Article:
Luke Briggs, CSCS, PN-1, Coach at FIT
You hear horror stories all the time about people hurting their backs deadlifting or injuring their knees squatting.
The fact is lifting weights can be extremely dangerous – if you don’t know what you’re doing.
A well-executed strength training program is not only safe, but will prepare you to tackle all of life’s challenges.
Here are three keys to making strength training workouts safe and effective:
1. Form, form, form
If you’re working the correct muscles through a proper range of motion, you’re going to create a stress in which your body can adapt to positively.
If you’re flailing around like a fish out of water, you may find strength training less beneficial.
Use good technique with an appropriate amount of weight. Then, once you’re confident with your form, add weight progressively.
Use compound movements like squats and deadlifts that carry over to real-life performance.
You’re always going to need to have the strength to hinge your hips back to pick something up off the floor.
You’re always going to need to have a strong core and back to prevent low-back pain.
Many exercises you’ve heard are “bad” for you might actually be “good” for you if you execute them properly.
If you’re unsure about your form, consult a qualified strength professional.
So, put your ego aside – your health depends on it!
2. Progress the program appropriately
In general, it’s not always particular exercises that are dangerous, but the execution and dosage that don’t equate to optimal health.
You need to make sure you give yourself the right exercises in the right amounts at the right time.
For example, back squats might be a fine exercise for you, but if you do way too many sets and reps for your body and your needs, you might wind up injured.
If you’re not currently strength training and start doing way too many sets and reps of a certain exercise, even if it’s with perfect form, you could wind up getting hurt because you gave your body more than it could handle.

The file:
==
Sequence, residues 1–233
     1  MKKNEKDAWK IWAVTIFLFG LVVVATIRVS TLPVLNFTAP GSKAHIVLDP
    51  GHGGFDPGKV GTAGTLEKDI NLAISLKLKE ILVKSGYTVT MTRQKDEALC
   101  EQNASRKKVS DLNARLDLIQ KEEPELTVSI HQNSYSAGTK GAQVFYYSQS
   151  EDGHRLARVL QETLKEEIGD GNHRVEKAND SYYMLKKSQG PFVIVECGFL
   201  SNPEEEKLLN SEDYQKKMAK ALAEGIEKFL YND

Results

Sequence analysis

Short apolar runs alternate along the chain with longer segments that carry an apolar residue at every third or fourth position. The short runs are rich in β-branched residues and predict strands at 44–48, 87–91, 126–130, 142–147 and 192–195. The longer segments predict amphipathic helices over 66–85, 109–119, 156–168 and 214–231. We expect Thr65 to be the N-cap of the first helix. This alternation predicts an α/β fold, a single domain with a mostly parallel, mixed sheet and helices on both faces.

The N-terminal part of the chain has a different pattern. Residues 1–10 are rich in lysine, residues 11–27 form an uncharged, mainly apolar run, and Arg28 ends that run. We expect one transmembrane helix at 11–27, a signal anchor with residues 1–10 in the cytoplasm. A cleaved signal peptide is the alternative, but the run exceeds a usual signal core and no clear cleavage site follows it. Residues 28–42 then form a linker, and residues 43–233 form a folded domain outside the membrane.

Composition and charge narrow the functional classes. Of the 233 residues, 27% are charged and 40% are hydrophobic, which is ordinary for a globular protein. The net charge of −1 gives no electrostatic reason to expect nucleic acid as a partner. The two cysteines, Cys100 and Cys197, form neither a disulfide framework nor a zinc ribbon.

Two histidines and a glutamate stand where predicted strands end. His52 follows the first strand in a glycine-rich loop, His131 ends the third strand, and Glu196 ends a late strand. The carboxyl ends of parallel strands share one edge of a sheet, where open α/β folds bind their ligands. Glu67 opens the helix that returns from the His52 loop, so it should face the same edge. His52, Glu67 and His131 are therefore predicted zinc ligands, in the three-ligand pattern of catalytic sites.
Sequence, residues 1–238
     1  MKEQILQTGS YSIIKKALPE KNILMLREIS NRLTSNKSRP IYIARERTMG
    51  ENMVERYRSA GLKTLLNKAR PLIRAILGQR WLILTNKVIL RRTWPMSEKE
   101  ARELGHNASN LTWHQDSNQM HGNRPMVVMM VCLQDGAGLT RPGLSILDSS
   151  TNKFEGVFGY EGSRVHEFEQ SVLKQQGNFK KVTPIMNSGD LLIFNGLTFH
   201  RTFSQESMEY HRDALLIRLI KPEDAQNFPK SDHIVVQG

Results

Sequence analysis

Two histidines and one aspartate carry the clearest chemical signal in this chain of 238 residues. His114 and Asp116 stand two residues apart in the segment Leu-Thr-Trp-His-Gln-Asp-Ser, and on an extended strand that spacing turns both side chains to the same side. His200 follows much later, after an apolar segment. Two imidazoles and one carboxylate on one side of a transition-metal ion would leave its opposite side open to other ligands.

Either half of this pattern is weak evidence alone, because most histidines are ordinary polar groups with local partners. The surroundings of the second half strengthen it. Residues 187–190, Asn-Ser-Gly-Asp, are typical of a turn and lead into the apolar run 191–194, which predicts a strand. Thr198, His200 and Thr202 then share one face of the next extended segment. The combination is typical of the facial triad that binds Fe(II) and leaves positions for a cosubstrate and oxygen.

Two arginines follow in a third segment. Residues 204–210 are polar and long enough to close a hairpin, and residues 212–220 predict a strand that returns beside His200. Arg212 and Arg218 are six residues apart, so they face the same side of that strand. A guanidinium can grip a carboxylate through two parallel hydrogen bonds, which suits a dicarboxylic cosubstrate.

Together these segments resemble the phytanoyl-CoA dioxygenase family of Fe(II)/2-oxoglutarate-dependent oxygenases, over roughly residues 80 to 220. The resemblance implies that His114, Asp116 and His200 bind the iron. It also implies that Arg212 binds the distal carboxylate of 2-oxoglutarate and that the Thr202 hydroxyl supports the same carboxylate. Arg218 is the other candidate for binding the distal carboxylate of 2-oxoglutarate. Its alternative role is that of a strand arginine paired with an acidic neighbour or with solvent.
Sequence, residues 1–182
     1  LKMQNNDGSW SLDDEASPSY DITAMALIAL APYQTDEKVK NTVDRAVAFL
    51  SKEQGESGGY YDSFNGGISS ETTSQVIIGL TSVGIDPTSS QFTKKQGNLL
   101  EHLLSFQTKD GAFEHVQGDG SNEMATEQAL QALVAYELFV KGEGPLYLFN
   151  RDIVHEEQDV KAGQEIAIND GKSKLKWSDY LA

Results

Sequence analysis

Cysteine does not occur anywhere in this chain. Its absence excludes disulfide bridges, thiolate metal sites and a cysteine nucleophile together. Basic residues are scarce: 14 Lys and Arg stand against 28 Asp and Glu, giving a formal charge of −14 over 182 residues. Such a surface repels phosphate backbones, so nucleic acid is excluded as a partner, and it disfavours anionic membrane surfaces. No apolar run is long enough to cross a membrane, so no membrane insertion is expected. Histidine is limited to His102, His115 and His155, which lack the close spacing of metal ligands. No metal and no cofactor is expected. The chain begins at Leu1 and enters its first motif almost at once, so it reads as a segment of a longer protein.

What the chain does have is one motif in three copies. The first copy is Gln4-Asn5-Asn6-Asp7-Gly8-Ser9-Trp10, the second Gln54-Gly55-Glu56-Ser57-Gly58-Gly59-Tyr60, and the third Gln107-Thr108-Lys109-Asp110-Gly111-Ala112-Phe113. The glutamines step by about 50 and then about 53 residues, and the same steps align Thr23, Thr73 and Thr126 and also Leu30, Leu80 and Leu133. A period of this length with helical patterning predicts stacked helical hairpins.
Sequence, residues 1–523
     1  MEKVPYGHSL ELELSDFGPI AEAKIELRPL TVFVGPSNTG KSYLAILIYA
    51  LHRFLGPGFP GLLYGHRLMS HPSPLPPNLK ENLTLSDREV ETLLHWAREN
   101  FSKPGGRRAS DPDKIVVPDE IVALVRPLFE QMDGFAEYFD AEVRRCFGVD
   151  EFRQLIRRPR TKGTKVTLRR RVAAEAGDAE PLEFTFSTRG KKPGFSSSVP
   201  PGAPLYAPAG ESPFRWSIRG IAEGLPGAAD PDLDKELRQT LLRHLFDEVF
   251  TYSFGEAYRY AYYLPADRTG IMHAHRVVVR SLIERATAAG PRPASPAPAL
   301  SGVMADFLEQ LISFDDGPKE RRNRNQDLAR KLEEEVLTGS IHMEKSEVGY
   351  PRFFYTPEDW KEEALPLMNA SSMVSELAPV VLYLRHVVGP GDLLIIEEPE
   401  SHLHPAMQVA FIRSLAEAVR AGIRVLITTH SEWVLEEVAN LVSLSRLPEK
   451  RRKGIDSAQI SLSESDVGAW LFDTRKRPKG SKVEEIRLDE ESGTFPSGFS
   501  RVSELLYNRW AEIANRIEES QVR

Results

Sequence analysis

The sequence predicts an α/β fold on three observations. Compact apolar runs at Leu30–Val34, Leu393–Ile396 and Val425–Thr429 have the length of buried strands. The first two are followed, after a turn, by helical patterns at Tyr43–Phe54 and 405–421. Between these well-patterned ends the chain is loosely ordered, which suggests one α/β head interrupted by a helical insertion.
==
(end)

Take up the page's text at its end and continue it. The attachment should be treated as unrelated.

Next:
Always error on the side of caution, and don’t try to do too much too soon. If you’re just starting a program, start by doing 2-3 sets of 5-8 reps of an exercise 1-3 times per week. Don’t do more than 3-6 exercises per workout, and start with 1-3 workouts per week.
For these reasons, it’s important to not just blindly follow a strength program because it might not be right for you at this time.
Find the minimum effective dose. You can always add more volume to your training.
3. Have a long-term vision
You don’t need to feel “crushed” after a workout for it to be a success.
To do well with a strength training program, you need to have a plan.
Don’t think one bad workout is the end of the world. If you periodize your programming properly, you’re going to have certain workouts that feel really easy and others that feel really hard.
It’s a process, and it’s all about getting better over time.
You need to determine the best program for your goals and your lifestyle. Are you trying to become a powerlifter, or are you just trying to stay healthy so you can play with your kids and/or do the activities you love?
Consider how far you want to push yourself.
If you’re trying to be the strongest lifter in the world, you may need to push yourself to the brink of failure quite often, but if you simply want to look and feel good, you should always leave at least one or two reps in the tank at the end of a set.
You also need to factor in outside stressors. If you have a lot going on at work, have lots of familial and social obligations, and like to do a good amount of outdoor activities, you need to limit your volume in the weight room.
Your body can handle only so much stress, and if you do too much, you may wind up injured.
Get a plan, and stick to it!